Central Bank of Kenya Governor Njuguna Ndung'u can now be arrested and prosecuted over the alleged irregular awarding of a Sh1.2 billion security management system tender.
Justice George Odunga of the High Court dismissed the governor's application seeking to stop the Director of Public Prosecutions, Ethics and Anti-Corruption Commission (EACC) and the Inspector General of Police from arresting and prosecuting him over the tender award to Horsebridge Networks Systems (EA) Limited.
Mr Ndung'u had filed the application through lawyer Donald Kipkorir and obtained orders barring his arrest and prosecution early this year but following dismissal of the application, DPP Keriako Tobiko can proceed with the intended prosecution.
Justice Odunga, however, restrained IG David Kimaiyo, Tobiko and EACC from arresting the governor for 14 days after his lawyer applied to have the judgment stayed to enable his client file an appeal.
In his application, Mr Kipkorir told the court the governor risked being arrested following the court decision and asked for orders to be issued restraining the police from arresting the bank governor.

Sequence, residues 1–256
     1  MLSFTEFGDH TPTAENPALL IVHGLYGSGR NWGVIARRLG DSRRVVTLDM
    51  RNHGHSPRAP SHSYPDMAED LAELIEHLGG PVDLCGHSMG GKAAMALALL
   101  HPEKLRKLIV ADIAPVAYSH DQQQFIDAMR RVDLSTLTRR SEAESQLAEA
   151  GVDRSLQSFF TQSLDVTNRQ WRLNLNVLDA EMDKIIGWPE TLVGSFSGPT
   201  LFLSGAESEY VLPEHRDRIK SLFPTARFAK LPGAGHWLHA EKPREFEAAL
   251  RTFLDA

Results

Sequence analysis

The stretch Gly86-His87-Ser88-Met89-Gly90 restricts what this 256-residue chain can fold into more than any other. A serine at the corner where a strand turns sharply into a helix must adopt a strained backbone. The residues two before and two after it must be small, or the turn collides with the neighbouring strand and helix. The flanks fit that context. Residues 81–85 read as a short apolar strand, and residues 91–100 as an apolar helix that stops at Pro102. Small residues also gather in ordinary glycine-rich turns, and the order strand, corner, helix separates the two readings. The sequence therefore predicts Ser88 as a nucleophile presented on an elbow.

- 1 Boni Khalwale is jealous of William Ruto's rising star
- 2 Eliud Wabukala is bound to fail as EACC head
- 3 EACC team should bury the hatchet
- 4 Investigate alleged graft in Nyandarua
"This court has jurisdiction to issue the orders restraining the police from arresting the governor. If the orders are not granted the governor can be arrested tonight and taken to court. He will move to the Court of Appeal to challenge the verdict," said Kipkorir.
The DPP, EACC and the IG had opposed Kipkorir's application, arguing that Ndung'u had failed to prove how his rights had been infringed by the intended arrest and prosecution.
In his verdict, the judge said the court must strike a balance between the suspect's right to fair trial and public interest in reaching decision.
He observed that in the application, the governor had alleged a witch hunt in his intended arrest and prosecution, and pointed out that the police must act fairly in discharging their duties.